The town of Furano is blessed with an amazing ski resort, but the primary reason I’m based here in Central Hokkaido is the access to Daisetsuzan National Park. Located about a 45 minute drive away, it’s the largest national park in Japan and is home to an endless number of backcountry skiing options. Daisetsuzan, which translates to “great snowy mountains,” receives some of the coldest, lightest snow anywhere in the world.
Located in the northern end of the park, Asahidake is the highest volcano on the island and has a cable car that was built to give summer hikers access to alpine hiking. Fortunately for skiers, it also runs in the winter and is well known for providing many with the deepest day of skiing of their lives.
There is no ski patrol or any marked runs here, so you are on your own. If it is storming, you most likely will be choking on deep snow in the birch trees below the cable car. If you are lucky enough to catch the rare clear day, hiking into the alpine terrain above offers spectacular touring and incredible scenery.
Slightly further south, the active Tokachidake Volcano and the surrounding peaks offer some of my favorite ski touring in the area. From deep powder storm skiing below treeline on Furanodake to clear day alpine tours that span as far as the eye can see, this area always delivers.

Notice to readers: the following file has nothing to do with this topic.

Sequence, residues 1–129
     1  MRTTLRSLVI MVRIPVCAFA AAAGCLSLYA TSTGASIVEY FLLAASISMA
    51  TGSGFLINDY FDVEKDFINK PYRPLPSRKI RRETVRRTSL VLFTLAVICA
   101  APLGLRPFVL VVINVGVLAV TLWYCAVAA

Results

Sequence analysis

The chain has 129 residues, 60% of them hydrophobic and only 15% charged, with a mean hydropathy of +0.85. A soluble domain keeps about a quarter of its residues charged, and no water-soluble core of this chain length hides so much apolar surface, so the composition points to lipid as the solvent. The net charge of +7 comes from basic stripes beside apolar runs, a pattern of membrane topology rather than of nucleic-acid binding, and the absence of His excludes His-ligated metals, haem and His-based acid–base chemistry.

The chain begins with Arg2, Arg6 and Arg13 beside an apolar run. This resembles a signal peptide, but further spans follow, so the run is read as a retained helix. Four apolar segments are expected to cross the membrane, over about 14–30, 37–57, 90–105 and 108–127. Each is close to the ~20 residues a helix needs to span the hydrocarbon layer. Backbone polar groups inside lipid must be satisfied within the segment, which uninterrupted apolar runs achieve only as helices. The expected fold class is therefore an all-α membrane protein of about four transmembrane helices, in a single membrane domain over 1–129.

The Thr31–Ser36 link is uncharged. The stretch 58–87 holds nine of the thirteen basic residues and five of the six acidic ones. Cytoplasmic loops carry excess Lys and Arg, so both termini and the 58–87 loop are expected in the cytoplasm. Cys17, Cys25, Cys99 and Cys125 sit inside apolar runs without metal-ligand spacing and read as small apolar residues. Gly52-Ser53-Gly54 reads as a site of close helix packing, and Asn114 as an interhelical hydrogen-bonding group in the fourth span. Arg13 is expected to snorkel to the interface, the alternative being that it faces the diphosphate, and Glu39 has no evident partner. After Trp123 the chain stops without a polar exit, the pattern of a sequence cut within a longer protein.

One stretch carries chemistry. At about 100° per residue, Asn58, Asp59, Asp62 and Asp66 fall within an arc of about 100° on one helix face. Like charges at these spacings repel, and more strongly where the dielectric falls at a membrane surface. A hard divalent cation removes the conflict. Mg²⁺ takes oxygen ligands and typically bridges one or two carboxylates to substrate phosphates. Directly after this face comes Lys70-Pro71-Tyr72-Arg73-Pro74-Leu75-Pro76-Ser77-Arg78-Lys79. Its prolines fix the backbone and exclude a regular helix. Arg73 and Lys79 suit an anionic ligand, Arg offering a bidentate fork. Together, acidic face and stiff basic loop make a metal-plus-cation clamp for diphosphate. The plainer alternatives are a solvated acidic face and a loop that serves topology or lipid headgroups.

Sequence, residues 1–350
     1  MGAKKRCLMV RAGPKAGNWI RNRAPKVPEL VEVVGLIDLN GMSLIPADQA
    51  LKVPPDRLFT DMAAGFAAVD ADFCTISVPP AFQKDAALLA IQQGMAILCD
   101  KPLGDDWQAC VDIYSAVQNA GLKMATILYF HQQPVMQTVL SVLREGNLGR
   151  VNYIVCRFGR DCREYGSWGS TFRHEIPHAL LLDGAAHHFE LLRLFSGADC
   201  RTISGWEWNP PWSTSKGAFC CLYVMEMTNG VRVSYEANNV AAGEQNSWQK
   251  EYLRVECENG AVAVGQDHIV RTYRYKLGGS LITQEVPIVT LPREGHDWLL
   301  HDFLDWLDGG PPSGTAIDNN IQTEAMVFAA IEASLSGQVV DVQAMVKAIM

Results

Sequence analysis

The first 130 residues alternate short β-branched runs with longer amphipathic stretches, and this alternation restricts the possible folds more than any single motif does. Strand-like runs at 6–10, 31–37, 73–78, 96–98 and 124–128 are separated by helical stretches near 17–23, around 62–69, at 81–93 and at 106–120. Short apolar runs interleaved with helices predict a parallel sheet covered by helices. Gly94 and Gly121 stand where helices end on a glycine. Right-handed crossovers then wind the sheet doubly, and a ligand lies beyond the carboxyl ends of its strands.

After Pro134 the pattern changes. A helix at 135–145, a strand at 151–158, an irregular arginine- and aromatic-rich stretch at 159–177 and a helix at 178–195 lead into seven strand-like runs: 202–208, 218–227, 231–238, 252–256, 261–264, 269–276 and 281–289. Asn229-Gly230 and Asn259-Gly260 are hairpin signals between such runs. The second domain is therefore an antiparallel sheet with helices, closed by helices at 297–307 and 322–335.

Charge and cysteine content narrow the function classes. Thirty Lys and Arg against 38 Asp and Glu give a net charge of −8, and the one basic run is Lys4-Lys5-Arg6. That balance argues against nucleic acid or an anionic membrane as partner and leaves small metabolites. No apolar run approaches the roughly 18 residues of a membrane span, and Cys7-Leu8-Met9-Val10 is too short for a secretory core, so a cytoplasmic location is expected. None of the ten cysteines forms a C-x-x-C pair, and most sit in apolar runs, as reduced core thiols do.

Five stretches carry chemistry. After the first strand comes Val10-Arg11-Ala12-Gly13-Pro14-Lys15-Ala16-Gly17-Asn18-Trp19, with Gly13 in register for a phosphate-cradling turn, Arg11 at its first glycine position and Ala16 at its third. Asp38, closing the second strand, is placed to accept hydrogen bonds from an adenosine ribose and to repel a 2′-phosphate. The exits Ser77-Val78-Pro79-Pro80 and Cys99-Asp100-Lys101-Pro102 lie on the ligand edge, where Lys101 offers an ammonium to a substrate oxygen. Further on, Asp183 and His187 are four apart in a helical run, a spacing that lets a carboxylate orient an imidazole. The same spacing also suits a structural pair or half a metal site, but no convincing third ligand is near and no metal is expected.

This week, we scored two very rare blue sky days and were able to climb up into the smoking caldera of Tokachidake. Standing next to the towering plume of smoke pouring up into the blue sky, the pungent smell of Sulphur and imagining the power of an eruption made me feel tiny. It’s very safe to say it is an experience no one could ever forget.
We spent the rest of the day skiing knee deep powder in the wind deposited gullies on the frontside of the mountain and finished watching the sunset from the spectacular Fukiage onsen. It’s really hard to imagine a better day.
Editor’s Note: Will is a Steamboat Springs based skiing and ultrarunning running fanatic and is currently pursuing a ski guide certification through the American Mountain Guide Association certifications. He will be sharing his experiences working for Hokkaido Powder Guides from Hokkaido, Japan with us throughout this winter.